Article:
C6 Chevrolet Corvette Shifter - Shift D6C

The C6's new shifter has left me Breathless

Chris Endres Jun 27, 2007 0 Comment(s)
Vemp_0708_01_z C6_chevrolet_corvette_shifter_kit Components 1/33

Breathless Performance's billet shifter may not appear significantly different than the myriad of others on the market, but it has some unique features that set it apart.

Two of the most common complaints about Corvettes of the past few generations are centered around gear selection. Namely, the items at fault are "the crappy shifter" and "that farging skip-shift." While there are likely many among you who would use slightly less colorful descriptors, I suspect most of you would nonetheless agree with my basic assessment. Judging by the popularity of the aftermarket-shifter and CAGS-defeat markets, my suspicion looks well-founded.

Over the years, I've used most of the various C5 and C6 shifters on the market. While they all had their own personalities and idiosyncrasies, all offered shorter throws, often at the cost of smooth engagement. In other words, most felt and functioned pretty much the same. The other attribute shared was their propensity for vibration and rattling under wide-open throttle. Nothing gives a worse impression to a co-worker or "Brand X" fan than a car that sounds like a miniature jackhammer every time you dip into the throttle.

So, I had mixed feelings upon deciding that the stock shifter just wasn't going to make the grade. While it was perfectly quiet, it had the precision of an axe handle jammed into a 5-gallon bucket of nuts and bolts. I knew I wanted rock-solid gear selection, but I was not happy about the noise that was bound to accompany it. One of the few shifters I had not had a chance to try was from Breathless Performance Products.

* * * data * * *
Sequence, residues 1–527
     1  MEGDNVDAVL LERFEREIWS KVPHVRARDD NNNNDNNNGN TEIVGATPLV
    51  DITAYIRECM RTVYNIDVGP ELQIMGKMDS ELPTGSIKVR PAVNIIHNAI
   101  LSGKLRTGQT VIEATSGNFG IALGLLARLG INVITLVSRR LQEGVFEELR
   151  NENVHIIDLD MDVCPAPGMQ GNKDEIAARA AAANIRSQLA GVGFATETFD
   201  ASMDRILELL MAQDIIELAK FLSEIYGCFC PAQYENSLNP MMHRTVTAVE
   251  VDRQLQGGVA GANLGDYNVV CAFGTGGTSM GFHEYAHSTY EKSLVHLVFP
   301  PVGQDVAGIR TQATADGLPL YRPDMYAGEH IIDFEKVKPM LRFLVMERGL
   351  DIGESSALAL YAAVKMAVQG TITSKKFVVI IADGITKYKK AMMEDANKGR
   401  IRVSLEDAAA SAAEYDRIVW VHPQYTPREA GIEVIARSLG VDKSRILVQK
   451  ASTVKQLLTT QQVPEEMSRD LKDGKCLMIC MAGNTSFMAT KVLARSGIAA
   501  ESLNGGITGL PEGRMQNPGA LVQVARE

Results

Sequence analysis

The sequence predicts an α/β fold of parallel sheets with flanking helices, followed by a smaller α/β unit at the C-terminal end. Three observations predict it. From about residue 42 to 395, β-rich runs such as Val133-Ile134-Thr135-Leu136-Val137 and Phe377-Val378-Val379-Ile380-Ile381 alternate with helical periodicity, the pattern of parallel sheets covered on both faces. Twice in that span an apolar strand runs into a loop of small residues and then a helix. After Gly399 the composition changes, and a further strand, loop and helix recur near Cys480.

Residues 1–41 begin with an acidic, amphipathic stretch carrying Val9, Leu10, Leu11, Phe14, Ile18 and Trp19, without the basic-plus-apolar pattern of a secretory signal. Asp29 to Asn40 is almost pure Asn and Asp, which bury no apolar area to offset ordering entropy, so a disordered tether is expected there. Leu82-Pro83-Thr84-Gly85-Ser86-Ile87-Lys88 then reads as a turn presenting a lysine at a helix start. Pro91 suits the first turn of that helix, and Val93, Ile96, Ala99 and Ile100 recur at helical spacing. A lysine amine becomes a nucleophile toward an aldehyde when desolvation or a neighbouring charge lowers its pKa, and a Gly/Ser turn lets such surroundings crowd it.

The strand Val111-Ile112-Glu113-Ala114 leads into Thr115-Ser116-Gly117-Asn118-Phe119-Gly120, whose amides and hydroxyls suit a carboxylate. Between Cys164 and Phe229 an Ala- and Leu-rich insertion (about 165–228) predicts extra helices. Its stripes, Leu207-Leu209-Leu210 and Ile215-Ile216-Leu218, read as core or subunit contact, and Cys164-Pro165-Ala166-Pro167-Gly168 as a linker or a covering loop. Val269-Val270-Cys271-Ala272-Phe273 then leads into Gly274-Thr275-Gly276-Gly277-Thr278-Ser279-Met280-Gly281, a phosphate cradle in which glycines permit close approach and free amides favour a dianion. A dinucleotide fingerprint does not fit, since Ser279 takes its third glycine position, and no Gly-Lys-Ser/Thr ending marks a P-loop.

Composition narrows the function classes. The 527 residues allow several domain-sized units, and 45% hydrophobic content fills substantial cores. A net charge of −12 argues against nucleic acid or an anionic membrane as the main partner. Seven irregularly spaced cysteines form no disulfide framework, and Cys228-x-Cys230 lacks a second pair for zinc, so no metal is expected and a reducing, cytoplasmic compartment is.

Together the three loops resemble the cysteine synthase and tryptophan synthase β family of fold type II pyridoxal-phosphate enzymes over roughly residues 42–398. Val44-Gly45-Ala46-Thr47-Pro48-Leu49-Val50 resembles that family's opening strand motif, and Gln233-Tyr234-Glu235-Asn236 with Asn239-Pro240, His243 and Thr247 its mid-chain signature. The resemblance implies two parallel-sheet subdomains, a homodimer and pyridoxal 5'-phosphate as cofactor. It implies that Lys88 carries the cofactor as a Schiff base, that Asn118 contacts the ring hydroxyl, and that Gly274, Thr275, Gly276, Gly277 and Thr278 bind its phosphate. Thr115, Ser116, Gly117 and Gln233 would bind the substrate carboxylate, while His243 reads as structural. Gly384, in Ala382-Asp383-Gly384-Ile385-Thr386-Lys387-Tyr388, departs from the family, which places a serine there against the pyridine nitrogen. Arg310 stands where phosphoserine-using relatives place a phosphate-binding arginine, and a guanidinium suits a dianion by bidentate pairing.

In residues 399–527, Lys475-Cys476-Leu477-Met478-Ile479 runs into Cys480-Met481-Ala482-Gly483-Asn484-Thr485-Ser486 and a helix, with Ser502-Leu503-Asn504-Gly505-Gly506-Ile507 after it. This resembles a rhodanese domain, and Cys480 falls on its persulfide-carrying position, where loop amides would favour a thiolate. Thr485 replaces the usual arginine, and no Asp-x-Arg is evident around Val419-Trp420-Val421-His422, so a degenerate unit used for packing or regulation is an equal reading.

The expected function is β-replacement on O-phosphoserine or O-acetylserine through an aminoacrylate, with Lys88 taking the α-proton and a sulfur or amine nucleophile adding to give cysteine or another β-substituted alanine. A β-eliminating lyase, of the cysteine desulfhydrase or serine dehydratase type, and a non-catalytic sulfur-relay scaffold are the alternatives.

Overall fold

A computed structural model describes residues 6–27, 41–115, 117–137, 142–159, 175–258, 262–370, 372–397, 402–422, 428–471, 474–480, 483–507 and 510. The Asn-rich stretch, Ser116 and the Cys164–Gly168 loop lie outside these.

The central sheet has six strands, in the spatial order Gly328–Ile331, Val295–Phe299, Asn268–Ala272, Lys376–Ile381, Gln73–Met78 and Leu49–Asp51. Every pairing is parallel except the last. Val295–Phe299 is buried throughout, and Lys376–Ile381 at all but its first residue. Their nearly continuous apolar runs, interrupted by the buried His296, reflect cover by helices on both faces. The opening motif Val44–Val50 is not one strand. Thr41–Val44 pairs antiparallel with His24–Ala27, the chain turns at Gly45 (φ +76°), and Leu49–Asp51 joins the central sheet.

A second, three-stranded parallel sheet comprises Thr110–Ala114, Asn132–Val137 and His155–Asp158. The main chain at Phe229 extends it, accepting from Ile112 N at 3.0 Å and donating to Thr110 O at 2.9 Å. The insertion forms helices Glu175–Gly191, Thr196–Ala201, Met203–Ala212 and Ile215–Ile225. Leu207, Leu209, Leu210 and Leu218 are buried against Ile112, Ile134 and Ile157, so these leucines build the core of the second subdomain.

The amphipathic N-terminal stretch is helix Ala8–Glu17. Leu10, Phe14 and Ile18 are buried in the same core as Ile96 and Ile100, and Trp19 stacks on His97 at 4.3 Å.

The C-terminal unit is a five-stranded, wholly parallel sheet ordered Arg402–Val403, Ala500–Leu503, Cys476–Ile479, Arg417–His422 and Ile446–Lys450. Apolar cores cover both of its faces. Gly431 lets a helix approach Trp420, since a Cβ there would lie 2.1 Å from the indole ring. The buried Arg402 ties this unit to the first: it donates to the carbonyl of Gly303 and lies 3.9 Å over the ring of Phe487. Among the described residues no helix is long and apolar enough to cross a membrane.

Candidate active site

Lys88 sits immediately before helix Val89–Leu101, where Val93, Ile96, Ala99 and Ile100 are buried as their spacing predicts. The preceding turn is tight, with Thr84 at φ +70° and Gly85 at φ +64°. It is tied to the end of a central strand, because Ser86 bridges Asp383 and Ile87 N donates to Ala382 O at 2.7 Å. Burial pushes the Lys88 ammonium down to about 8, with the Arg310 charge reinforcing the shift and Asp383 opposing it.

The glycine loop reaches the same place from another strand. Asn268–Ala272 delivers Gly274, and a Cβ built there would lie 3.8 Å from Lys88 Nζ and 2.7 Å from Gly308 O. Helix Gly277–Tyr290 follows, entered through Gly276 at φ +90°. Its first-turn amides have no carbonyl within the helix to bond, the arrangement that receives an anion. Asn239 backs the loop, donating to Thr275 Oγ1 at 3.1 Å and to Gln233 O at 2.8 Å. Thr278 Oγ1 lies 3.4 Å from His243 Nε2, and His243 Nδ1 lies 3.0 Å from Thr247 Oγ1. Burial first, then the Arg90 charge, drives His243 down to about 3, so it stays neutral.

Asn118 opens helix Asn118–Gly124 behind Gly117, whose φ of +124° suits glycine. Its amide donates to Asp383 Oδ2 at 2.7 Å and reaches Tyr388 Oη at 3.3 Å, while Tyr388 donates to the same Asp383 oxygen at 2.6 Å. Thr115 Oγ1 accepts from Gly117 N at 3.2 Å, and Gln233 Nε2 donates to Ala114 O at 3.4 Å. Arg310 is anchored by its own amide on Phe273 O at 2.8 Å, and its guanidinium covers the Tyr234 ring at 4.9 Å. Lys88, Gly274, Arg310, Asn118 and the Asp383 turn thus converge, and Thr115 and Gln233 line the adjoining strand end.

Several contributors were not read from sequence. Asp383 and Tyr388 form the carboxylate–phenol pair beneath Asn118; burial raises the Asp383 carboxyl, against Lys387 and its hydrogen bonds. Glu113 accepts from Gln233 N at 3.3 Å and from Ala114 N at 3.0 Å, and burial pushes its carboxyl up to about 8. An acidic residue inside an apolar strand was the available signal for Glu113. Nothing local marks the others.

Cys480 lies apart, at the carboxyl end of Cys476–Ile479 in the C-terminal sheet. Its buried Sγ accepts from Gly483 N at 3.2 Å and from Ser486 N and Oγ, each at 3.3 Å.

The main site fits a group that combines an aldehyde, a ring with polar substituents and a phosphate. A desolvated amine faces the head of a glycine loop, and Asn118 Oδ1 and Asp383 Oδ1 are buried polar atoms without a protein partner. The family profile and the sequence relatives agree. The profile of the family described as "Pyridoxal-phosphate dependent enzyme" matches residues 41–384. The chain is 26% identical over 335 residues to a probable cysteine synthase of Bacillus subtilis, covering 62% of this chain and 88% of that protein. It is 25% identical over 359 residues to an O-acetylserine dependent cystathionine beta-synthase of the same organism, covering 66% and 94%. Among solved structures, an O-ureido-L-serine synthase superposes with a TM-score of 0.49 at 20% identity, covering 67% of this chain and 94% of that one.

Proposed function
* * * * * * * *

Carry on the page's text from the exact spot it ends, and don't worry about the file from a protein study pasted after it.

Vemp_0708_02_z C6_chevrolet_corvette_shifter_kit Base 2/33

The shifter base is the same for both C5 and C6 applications. Where the shifters differ is in the stick configuration. The C5 stick is straight and has an array of mounting holes, allowing custom angling. The C6 stick shown here is offset with two pairs of mounting holes, giving you a variety of fore/aft positioning options.

BPP's Web site touts the machined aluminum shifter as delivering "the ultimate in speed shifting and comfort." According to Breathless proprietor Ernie Francis, the shifter is available with either a straight or angled stick, which makes it applicable to both C5s and C6s. "We designed the offset stick so it can position the shifter either forward or back [by] one or two inches," he explained. "We also include a variety of centering springs so the user can personalize the shifter to his needs."

I like the adjustability built into BPP's design. I admit that I have not played with the optional centering springs, as the default springs have performed perfectly for me. The shifter snaps into gear with a solid, satisfying metallic click. That it makes absolutely no noise under WOT is frosting. Many shifters I've used have required Hulk Hogan-esque triceps to get the stick over and up into reverse. While it does take more effort than the stocker, the BPP does not require you to double-fist it up into R.

At $229, the Breathless shifter is competitively priced, and its performance makes it an outright bargain. In fact, considering the crisp engagement, beefy construction, and total lack of noise and vibration, it may be the best value on the market. It's certainly the best Corvette shifter I've ever used.

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